Ralphael O'Hara Lanier becomes first president of Texas Southern University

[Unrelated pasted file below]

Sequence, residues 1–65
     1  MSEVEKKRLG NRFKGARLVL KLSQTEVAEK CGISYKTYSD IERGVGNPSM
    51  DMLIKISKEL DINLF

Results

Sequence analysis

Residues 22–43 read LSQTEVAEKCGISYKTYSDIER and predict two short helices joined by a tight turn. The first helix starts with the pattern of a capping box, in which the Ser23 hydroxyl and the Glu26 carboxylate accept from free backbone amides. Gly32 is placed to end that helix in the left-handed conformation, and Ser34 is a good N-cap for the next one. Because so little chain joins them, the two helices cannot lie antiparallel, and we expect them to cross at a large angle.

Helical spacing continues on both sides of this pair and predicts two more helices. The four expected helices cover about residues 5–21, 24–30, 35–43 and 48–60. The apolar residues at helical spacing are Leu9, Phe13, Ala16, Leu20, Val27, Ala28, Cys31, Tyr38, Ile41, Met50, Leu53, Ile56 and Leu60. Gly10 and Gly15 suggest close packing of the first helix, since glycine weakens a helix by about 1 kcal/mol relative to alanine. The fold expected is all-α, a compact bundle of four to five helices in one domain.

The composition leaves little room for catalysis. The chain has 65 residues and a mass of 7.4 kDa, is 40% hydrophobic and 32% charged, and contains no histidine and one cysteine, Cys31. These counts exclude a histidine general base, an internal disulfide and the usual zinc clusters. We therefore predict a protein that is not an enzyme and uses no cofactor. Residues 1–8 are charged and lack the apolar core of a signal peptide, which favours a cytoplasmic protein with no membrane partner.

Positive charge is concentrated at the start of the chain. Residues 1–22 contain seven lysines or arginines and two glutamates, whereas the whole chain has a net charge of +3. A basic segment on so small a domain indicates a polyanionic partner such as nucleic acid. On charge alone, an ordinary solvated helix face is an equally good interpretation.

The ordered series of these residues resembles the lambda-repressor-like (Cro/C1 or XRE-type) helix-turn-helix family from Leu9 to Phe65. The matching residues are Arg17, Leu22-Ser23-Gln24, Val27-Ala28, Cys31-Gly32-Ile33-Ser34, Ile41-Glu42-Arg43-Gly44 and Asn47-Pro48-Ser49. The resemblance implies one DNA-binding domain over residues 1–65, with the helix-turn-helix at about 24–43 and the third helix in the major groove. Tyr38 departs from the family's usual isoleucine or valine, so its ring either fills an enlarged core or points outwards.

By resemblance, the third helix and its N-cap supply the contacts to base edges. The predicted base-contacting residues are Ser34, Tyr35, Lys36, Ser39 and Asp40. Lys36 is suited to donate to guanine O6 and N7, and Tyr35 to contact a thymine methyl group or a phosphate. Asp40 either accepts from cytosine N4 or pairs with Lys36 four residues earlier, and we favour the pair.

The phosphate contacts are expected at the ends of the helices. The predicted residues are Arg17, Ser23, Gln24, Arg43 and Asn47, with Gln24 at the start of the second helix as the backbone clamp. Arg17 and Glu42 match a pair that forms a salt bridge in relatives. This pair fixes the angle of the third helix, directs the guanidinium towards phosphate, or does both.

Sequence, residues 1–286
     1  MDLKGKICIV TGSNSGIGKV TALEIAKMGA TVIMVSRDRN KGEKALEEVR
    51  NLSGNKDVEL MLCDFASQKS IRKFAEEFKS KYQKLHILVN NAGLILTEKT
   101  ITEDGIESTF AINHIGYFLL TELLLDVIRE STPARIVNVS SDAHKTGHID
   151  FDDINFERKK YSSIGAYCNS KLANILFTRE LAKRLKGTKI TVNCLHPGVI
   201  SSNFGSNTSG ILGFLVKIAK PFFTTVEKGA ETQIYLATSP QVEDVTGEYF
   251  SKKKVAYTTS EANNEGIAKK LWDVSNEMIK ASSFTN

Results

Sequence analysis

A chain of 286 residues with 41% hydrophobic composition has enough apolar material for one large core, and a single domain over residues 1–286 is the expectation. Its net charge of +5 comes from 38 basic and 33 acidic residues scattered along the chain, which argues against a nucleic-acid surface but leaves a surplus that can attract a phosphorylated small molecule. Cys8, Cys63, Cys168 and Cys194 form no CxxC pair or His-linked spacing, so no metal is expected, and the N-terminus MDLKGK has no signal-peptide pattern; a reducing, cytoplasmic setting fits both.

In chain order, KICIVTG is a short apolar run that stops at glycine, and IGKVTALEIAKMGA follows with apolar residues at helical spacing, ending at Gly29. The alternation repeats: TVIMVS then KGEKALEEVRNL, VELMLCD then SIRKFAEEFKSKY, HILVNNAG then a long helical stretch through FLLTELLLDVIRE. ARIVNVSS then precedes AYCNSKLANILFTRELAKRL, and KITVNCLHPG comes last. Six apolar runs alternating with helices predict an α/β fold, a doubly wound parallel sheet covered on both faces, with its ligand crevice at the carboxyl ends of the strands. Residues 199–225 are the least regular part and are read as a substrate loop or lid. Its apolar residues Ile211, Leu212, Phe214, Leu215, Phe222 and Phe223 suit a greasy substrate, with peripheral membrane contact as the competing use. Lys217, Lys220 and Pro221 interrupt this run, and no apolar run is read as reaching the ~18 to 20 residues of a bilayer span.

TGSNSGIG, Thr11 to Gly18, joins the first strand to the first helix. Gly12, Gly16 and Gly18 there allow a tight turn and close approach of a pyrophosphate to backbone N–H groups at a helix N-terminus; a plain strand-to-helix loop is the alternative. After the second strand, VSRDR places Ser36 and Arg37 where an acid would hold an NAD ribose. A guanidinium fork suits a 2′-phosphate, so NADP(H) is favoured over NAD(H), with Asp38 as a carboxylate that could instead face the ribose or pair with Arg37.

On this day in 1948, Ralphael O'Hara Lanier, who had earlier served five years as dean of Houston Colored Junior College and more recently as United States Minister to Liberia, became the first president of the Texas State University for Negroes (now Texas Southern University). The university was established by the Fiftieth Texas Legislature on March 3, 1947. The intent of the legislature was to offer the state's black citizens a university equivalent to the University of Texas, in accord with the "separate but equal" principle of segregation. Lanier had a record of leadership in higher education, which made him a good selection for the new university. His administration, however, was troubled with both internal and external difficulties. As president, he had to face divisiveness between students who opposed a separate black college and wished to attend the University of Texas and students who pushed for the establishment of a first-class, yet segregated, black university. Lanier enjoyed the general support of African Americans, but the white establishment and a small group of black intellectuals opposed him. Local newspapers launched a series of attacks on him throughout his tenure, alleging poor administration, unskilled personnel, fiscal irresponsibility, communism, and general confusion on campus. Lanier opposed the autonomy of the law school on campus, feeling that it would generate the perception of two separate universities. A local American Legion post called for the governor to start an investigation of the university. In 1953 a committee of Houston citizens was appointed to study the situation and report to the governor. The committee reported that the charges were unfounded, and that under Lanier's leadership the university had expanded in terms of student enrollment, curriculum, and physical facilities. The report, however, stated that the existence of two leaders, Lanier in charge of academics and John Robinson in charge of fiscal matters, was awkward. Robinson resigned. Despite the difficulties he faced, the university not only survived, but grew under Lanier's leadership. Nevertheless, after seven often turbulent years at Texas Southern, he left the presidency. There has been some debate over whether he resigned freely.